The journey started one day when I was pondering the theme of Assemblage, Collage and Recycle for an upcoming Redlands Art Association members show. As a ceramic artist, it wasn’t immediately apparent what I should submit for display during this upcoming show. Sure, my current work was technically “assembled” during the hand-building process and as a group ceramicists are good about re-wedging and recycling their clay scraps, but neither of those two factors really sat well with me for justifying entering pieces I had in inventory to the show.
I decided to take a quick break from the studio and walk over to a nearby café to pick up something for lunch to clear my head. It was walking back that it hit me. A solution, not perfect, but it would be something interesting and it would qualify as a mixed media assemblage piece.
Waffle-weave bowls with fabric woven through and knotted to create a design on the inside of the bowl. The bottom of the bowl would have all of the rough ends and edges of the fabric sticking out in every direction and add an interesting dimension to the piece. I had no idea if it would work. Could I take the image in my head and translate it? I figured, what the heck, it was worth a shot. That afternoon I made several waffle-weave bowls and left them to set-up for firing.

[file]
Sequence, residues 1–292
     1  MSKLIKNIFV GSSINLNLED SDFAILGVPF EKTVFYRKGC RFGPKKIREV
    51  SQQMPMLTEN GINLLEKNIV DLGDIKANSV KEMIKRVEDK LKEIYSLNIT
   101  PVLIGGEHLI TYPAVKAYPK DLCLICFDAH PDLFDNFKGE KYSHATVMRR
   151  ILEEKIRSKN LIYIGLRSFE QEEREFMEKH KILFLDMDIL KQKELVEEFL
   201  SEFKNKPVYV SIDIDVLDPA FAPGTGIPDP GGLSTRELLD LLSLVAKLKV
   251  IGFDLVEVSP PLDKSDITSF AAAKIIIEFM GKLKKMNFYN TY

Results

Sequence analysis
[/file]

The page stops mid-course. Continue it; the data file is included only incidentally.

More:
Weeks passed and I started to pull together fabric scraps and ideas on designs for the bowls.
In the meantime, I learned about an event in Redlands called Celebrate Citrus. It is put on annually by the Inland Orange Conservancy (IOC) to raise money to support local citrus growers. The event organizers were looking for artists to display any citrus-inspired pieces at the event with 15% of any sales going to support the IOC. I’m well aware of the struggles the local growers have in my area and it was free to participate, so I signed up!
Close to home, exposure opportunity … Great idea, right? Well, I’ve never used citrus related ideas in any of my pieces. I spent a little bit of time brainstorming orange peel textured mugs, orange slice bowls and nothing spoke to me. Instead, I decided to pull some older pieces, wheel-thrown bowls, out of storage and present them as fruit bowls. It seemed like a decent solution, but I wasn’t convinced.
As the event neared, the waffle-weave bowls also finished the glaze firing process. They were sitting on the floor in my workroom, spread out and waiting for me to dazzle them with fabric. That’s when it hit me; they were even more perfect fruit bowls! Due to the holes in the design, the fruit would get good air flow and they were a nice, big size to hold lots of fruit.
What about my assemblage plans? I figured, the Celebrate Citrus event was more about exposure than sales especially since the focus would be on the orange groves, so I’d have them back to add fabric with no problem.
Best laid plans and all … the waffle-weave bowls sold out that day along with a few of the smaller wheel-thrown bowls. I ended up winging the assemblage show with tiles on fabric hangers … sort of in theme, but not really. I’ve since given up on my grand fabric design ideas. It certainly was a twisty, winding journey on the inspiration for waffle-weave fruit bowls, but people seem to like them